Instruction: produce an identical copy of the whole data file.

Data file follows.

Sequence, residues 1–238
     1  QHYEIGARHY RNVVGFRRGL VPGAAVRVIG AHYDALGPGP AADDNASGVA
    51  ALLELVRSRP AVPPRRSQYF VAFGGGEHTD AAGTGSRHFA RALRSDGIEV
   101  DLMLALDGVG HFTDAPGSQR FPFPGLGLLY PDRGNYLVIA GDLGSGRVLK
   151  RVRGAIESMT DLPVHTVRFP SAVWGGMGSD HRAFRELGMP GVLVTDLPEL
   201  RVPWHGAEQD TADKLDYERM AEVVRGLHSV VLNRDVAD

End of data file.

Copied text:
Sequence, residues 1–238
     1  QHYEIGARHY RNVVGFRRGL VPGAAVRVIG AHYDALGPGP AADDNASGVA
    51  ALLELVRSRP AVPPRRSQYF VAFGGGEHTD AAGTGSRHFA RALRSDGIEV
   101  DLMLALDGVG HFTDAPGSQR FPFPGLGLLY PDRGNYLVIA GDLGSGRVLK
   151  RVRGAIESMT DLPVHTVRFP SAVWGGMGSD HRAFRELGMP GVLVTDLPEL
   201  RVPWHGAEQD TADKLDYERM AEVVRGLHSV VLNRDVAD